Just under 1.5 million Indians served in the British Army during the first world war, fighting in all the major theatres from the Battle of the Somme to the Gallipoli Offensive. Of these soldiers, Sikhs made up more than 20% of the British Indian Army at the start. These are impressive numbers and yet they’re rarely cited; this isn’t a chapter of war history you read much about. Until now. A new exhibition, Empire, Faith & War: The Sikhs and World War One, seeks to put this history on the map. The exhibition highlights the pivotal contribution of Sikh soldiers to the Allied war effort. And through their stories we don’t just learn what life was like for these soldiers; we learn a lot about ourselves as a nation a century on, writes Jemimah Steinfeld.
Empire, Faith & War covers a lot of ground. It starts with Sikhs in India in the 15th century and ends centuries later, in 1918. The war – the bulk of the exhibition – is divided into certain sections, such as war propaganda of the Sikhs and families left behind. It’s a broad sweep, and yet it still manages to feel personal. This is in part due to the exhibition’s very nature – this is not the story of all soldiers, just some, even if their numbers have been downplayed historically. But it’s also a success of the exhibition itself. Specific battles are homed in on, down to single soldiers involved. Things that could sound textbook are therefore brought to life.
The wealth of visual material on display helps. In a relatively small space photos, paintings, artefacts, film and more inject colour into this interesting chapter in first world war history.
Another of the exhibition’s strengths is its ability to present a fair portrayal. There are stories of Sikh soldiers who donned British uniforms and fought for “King and Country” and stories of Sikhs making lives for themselves in the UK, which would have extended long after the last battles of the war were fought.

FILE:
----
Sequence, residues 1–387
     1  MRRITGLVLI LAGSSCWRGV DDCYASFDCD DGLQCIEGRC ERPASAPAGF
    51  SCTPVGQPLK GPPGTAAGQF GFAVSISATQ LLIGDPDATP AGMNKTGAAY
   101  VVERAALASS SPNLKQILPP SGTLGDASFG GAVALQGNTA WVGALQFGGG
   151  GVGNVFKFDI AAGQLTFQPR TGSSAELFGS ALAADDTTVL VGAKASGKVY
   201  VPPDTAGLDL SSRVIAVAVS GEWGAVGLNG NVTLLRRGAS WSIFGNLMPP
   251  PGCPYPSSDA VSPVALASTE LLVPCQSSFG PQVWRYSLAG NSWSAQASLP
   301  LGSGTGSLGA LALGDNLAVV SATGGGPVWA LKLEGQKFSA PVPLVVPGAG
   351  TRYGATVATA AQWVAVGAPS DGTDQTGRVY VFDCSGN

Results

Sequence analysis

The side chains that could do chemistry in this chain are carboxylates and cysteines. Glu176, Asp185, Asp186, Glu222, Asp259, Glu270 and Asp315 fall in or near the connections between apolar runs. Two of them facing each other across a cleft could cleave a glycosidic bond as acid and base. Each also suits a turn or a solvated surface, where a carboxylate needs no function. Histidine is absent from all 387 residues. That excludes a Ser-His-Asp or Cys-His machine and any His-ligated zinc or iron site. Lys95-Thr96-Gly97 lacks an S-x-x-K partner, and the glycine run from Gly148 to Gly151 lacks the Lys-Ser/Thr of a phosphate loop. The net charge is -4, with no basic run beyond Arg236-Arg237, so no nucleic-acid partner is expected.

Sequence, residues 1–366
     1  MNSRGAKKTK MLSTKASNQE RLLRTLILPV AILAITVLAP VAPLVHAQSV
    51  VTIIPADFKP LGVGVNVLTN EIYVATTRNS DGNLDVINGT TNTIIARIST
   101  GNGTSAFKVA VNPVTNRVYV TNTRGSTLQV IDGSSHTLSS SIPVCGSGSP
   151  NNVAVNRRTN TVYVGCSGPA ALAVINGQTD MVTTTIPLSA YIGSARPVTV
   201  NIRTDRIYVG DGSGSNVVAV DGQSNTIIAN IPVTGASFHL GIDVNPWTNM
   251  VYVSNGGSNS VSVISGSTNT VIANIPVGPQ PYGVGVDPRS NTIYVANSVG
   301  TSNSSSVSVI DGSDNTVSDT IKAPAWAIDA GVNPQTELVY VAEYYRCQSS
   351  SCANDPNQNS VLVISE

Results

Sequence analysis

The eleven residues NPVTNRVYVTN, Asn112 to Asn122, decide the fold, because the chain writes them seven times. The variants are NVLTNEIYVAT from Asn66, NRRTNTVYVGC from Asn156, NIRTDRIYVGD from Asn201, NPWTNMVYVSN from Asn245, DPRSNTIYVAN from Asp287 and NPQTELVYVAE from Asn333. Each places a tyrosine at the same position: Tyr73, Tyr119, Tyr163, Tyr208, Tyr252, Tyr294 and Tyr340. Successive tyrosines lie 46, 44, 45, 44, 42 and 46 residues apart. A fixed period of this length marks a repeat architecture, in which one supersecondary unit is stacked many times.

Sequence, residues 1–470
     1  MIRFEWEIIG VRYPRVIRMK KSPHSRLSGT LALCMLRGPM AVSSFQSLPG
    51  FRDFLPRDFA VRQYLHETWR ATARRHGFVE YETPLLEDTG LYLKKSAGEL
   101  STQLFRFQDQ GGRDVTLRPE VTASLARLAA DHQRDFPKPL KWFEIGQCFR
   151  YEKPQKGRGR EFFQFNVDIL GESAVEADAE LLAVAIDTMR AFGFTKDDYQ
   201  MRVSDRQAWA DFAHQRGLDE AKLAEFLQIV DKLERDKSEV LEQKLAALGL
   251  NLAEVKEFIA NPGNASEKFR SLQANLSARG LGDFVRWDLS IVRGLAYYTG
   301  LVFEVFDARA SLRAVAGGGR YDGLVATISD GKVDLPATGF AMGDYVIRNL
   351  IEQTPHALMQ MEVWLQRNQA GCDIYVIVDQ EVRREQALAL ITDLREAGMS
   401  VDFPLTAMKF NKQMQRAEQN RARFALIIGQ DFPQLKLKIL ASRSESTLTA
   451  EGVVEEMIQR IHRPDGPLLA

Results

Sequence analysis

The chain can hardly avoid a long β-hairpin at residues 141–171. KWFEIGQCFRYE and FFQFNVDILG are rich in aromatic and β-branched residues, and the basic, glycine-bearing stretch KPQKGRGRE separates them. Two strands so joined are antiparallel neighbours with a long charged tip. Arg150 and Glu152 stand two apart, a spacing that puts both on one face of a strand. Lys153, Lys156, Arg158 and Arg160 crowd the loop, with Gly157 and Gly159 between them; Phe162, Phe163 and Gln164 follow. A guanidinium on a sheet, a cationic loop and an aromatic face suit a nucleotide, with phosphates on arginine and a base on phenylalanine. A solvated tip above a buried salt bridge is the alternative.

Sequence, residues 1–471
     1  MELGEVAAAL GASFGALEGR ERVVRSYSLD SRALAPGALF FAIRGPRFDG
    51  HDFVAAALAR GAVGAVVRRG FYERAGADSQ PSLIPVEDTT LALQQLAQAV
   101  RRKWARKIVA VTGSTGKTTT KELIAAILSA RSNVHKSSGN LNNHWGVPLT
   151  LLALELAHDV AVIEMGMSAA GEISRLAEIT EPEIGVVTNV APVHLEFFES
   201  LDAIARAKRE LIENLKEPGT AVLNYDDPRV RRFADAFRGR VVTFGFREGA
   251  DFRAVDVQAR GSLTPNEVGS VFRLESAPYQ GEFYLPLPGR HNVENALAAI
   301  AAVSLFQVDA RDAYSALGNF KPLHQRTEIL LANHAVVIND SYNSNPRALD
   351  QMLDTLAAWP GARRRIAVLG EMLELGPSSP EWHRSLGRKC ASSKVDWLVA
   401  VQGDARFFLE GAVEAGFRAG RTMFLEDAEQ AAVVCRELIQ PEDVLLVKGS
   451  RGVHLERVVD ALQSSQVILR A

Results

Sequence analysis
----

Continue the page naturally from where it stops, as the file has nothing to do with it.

Equally, there are stories of disunity. Specifically, one section looks at the revolutionaries of the Ghadar Party, who campaigned for Indian independence, and another section talks of soldiers whose sense of Indian nationalism grew as a result of their wartime experience. There’s no sugar coating this war; the contribution of Sikh soldiers was crucial but it was at times conflicted. This then isn’t just an exhibition about the first world war, but also about the British Empire and its unravelling in the twentieth century.
The only shame of Empire, Faith & War was a difficulty with hearing the offerings in the cinema zone. In this section of the exhibition space, a rolling reel of original footage and related contemporary clips play out. It’s a nice place to sit and absorb more about Sikhs during the war, but it was sadly hard to decipher a lot of the audio. This however could be a teething problem – it was the first day of the exhibition being open to the public and they might be making improvements still. Let’s hope that is the case as Empire, Faith & War definitely left me wanting to discover more.
‘Empire, Faith & War: The Sikhs and World War One’ will be held at the Brunei Gallery, SOAS, London, from 9th July to 28th September 2014, and is the launch event of a three year project by the UK Punjab Heritage Association (UKPHA) to commemorate the contribution of Sikh soldiers and their families. Click here for more information on Empire, Faith & War.
Jemimah Steinfeld is a freelance writer based in London.